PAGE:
The following report is the advisor alert produced by US Global Investors, a comprehensive weekly alert providing SWOT analysis for all major market groups.
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The Good, the Bad and the Ugly in Real Time
By Frank Holmes
CEO and Chief Investment Officer
Anyone who has visited New York has probably seen The National Debt Clock, a digital readout of how much the federal government owes its creditors. The speed at which that number grows is daunting.
A more comprehensive monitor can be found online at USDebtClock.org. Not only do you get the total national debt of $12 trillion (and rising), you also get a raft of other key economic trend data for the country and its citizens based on information gathered from reputable sources that include the Census Bureau, Treasury Department, Federal Reserve and the Congressional Budget Office.
On the day before Thanksgiving, I checked this web site in the morning and then again on Friday morning, and I’d like to share a few observations about what happened during these two days.
The Fed printed up more than $10 billion in new money over that period, or more than $200 million per hour. Any wonder why gold remains an attractive asset class and our overseas trading partners are wary of the dollar?
The national debt grew by nearly the same amount, with each taxpayer’s share of that burden going up $65 to $110,781. The federal budget deficit rose by $9 billion, and total unfunded liabilities shot up almost $30 billion to $106.3 trillion, or $345,088 per citizen. We’ve commented in the past on how federal deficits have historically been positive for gold and especially gold equities.
Looking at the largest federal budget outlays: More than $5 billion went out the door for Medicare/Medicaid, $4 billion in Social Security benefits, $3.6 billion for national defense and the war efforts in Iraq and Afghanistan, and more than $2 billion in interest payments on the national debt.
One worthwhile feature of the USDebtClock.org is that it tells a fuller story by making room for good economic news.
Gross domestic product in the United States grew by nearly $200 billion, or $1,600 per worker, and about $40 billion in value was added to the total national assets during the two days.
And we also see evidence that, while the federal government continues to strap on heaps more debt, the citizenry is going in the other direction.
About $4 billion in private debt was paid down – most of that was in mortgages, reflecting the prolonged weakness in housing, but more than $1 billion in personal debt and $700 million in credit card debt went away. Personal savings climbed by more than $1 billion over the two days as Main Street continues deleveraging after years of free spending.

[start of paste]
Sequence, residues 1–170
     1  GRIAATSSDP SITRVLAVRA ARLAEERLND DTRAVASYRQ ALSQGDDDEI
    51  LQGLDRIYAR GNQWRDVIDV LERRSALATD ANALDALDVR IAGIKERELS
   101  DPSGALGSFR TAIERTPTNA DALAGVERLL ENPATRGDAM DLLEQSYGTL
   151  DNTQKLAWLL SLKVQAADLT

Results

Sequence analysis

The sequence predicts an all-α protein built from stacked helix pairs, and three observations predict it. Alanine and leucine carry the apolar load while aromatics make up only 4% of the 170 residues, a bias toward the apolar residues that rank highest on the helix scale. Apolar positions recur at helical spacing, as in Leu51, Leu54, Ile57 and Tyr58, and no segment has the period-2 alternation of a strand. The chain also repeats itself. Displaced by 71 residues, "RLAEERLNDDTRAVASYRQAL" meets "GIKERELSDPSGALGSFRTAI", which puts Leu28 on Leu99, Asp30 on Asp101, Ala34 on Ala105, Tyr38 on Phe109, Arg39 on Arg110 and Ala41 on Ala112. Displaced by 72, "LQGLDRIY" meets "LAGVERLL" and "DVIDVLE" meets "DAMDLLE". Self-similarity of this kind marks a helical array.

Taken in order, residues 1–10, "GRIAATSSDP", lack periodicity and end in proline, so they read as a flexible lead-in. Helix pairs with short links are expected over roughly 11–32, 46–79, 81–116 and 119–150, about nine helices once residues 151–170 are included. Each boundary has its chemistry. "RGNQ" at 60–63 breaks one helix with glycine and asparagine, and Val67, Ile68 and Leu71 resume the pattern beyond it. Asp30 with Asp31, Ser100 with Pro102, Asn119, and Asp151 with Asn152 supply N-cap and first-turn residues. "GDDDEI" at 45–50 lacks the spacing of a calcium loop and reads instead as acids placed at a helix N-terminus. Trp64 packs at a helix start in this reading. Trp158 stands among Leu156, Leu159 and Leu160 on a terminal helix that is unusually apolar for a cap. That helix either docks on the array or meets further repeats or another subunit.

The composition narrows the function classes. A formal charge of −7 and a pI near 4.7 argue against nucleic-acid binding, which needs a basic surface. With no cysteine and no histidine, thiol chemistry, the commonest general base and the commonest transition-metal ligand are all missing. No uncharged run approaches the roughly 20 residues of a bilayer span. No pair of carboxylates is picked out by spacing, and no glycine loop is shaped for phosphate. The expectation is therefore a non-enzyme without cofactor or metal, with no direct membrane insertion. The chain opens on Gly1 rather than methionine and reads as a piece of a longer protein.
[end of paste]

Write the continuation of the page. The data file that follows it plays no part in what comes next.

You can get to the U.S. Debt Clock by clicking on the image at the top of this commentary. I encourage you to pay a visit – there aren’t many places where you can get so much useful and important economic information at a single glance.
All opinions expressed and data provided are subject to change without notice. Some of these opinions may not be appropriate to every investor.
- The major market indices were mostly down this week. The Dow Jones Industrial Index fell 0.08 percent. The S&P 500 Stock Index rose 0.01 percent, while the Nasdaq Composite finished 0.35 percent lower.
- Barra Growth outperformed Barra Value as Barra Value finished 0.21 percent lower while Barra Growth advanced 0.21 percent. The Russell 2000 closed the week with a loss of 1.28 percent.
- The Hang Seng Composite finished lower by 5.21 percent, Taiwan fell 2.50 percent, and the Kospi lost 5.93 percent.
- The 10-year Treasury bond yield closed at 3.20 percent, down 14 basis points for the week.
Domestic Equity Market
For the holiday-shortened week thru 11 a.m. ET on Friday, the figure above shows the performance of each sector in the S&P 500 Index. The best-performing sector was telecom services, up 3.6 percent. Utilities and health care were also among the better-performing sectors, while financials, technology and consumer staples were the worst performers.
Within the telecom services sector, the best-performing stock was Frontier Communications Corp, up 5.6 percent. Other outperforming stocks in the sector were Verizon Communications Inc and AT&T Inc.
- The household appliance group was the best-performing group for the week, up 4.2 percent, led by its largest member, Whirlpool Corp. This stock’s performance was likely helped by the positive news this week about both new and existing home sales.
- The healthcare equipment group outperformed, rising 3.8 percent. Its largest member, Medtronic Inc., reported earnings that beat the analyst consensus estimate, and it raised its earnings guidance for the fiscal year.